**New York Times Article written by Wadzanai Mhute**
The field of accounting is overwhelmingly white, a racial group that makes up 84 percent of all certified public accountants in the United States. Of the nonwhite groups, just 2 percent are Black, according to a report published in 2019 by the Association of International Certified Public Accountants.
Rumbi Bwerinofa-Petrozzello, a forensic accountant, wants to change that dynamic. Earlier this month, she became the first Black woman to become president of the New York State Society of Certified Public Accountants, an organization that represents 24,000 lawyers, bankers and other professionals from associated industries.
Originally from Zimbabwe, Ms. Bwerinofa-Petrozzello has spent her career challenging the status quo and pushing for greater representation in her field. After graduating from Mount Holyoke with degrees in economics and mathematics, she worked as an auditor at Deloitte in Zimbabwe while also studying for a bachelor’s in accounting science at the University of South Africa. She returned to the United States in early 2000 where she worked as an accountant for several years before becoming a certified public accountant.
I recently talked to her about her trajectory, her leadership and how her work might inspire young Black students to find a career in accounting. Our conversation has been lightly edited.
How did your upbringing inform your career choice?
My parents were both professionals who were quite educated. I knew that essentially my life was going to be that of a professional. At no point was the fact that I was Black and female ever supposed to be any kind of barrier to anything I wanted to do. I went to an all-girls high school in Zimbabwe and then an all-women’s college. The fact that it was a women’s college wasn’t a factor. I came out of it thinking I could do what I wanted to do.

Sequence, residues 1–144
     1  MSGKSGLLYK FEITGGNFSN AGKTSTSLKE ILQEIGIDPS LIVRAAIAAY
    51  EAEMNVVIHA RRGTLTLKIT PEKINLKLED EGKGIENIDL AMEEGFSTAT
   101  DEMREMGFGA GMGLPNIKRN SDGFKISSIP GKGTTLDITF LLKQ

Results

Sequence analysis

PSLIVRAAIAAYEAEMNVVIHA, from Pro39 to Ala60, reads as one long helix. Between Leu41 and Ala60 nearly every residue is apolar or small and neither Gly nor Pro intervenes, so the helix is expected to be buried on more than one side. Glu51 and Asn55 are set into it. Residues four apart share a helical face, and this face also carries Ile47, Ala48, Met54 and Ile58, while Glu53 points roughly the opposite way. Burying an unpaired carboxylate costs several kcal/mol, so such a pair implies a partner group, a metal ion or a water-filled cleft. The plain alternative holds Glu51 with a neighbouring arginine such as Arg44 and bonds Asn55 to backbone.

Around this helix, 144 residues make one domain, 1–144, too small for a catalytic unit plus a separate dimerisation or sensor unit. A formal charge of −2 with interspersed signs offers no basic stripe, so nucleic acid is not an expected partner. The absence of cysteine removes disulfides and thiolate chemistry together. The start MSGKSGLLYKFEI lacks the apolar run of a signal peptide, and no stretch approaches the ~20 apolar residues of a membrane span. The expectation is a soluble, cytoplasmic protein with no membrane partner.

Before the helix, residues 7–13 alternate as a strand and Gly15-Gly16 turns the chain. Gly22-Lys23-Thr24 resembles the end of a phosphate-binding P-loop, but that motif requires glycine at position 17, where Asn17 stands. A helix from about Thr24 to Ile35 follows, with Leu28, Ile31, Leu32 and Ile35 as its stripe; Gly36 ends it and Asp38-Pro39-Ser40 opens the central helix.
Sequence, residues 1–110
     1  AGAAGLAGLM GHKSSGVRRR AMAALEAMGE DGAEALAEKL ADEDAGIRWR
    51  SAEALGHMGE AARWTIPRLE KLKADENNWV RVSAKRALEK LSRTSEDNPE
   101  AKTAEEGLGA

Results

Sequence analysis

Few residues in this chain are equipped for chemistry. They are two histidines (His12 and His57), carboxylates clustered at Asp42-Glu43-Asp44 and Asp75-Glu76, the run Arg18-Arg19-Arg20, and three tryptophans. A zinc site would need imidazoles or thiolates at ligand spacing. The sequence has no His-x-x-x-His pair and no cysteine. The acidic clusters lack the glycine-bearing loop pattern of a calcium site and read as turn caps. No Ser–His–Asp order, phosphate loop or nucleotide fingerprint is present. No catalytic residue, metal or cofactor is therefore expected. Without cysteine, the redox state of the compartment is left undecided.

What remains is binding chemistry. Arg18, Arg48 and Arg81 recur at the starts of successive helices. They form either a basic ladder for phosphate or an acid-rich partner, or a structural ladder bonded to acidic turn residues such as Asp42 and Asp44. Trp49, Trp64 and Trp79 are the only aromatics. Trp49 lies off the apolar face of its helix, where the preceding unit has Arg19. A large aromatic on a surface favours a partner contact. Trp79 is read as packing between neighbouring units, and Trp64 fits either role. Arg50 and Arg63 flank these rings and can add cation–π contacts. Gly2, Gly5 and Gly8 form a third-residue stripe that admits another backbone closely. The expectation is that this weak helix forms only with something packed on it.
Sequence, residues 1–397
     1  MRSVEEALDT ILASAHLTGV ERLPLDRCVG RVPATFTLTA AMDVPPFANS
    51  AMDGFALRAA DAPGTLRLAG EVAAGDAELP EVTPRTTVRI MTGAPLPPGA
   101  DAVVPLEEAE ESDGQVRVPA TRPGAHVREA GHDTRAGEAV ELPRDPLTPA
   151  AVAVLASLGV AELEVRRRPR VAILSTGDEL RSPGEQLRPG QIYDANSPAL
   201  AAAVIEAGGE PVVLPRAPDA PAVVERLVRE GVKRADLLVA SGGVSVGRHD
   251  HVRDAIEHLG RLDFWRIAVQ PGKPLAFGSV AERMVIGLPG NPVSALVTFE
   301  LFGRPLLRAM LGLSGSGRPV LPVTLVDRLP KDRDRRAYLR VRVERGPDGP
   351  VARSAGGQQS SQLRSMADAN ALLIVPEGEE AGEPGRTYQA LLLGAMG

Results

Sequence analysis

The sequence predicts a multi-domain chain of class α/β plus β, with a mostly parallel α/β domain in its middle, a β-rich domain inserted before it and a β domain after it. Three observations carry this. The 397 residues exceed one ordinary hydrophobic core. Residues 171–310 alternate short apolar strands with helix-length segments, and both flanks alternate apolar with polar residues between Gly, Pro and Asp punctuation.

What were your career obstacles?
I left Deloitte in Zimbabwe after three years because I was tired of fighting the many inequalities. Black accountants would be given the worst assignments. When I was leaving, I told the manager about various incidences and he told me that I was seen as aggressive, which was why he did not hire Black people.
When I moved to the United States, I was hired for accounting jobs, but in the early 2000s after the tech bubble exploded, unemployment ticked up and it was hard to get a job because I had a degree from South Africa. It was used as an excuse to not hire me or to pay me less. So I thought if I got my C.P.A., there would be no question since it has a certain cachet and everyone has gone through the same process.
What do you want to do with the position? What are your priorities in terms of working with young people, and what is at stake?
Often when people talk about the lack of diversity in the profession, the excuse is because of a lack of education instead of the barriers to entry. Black students may not even know that path exists. This is where the (organization) steps in.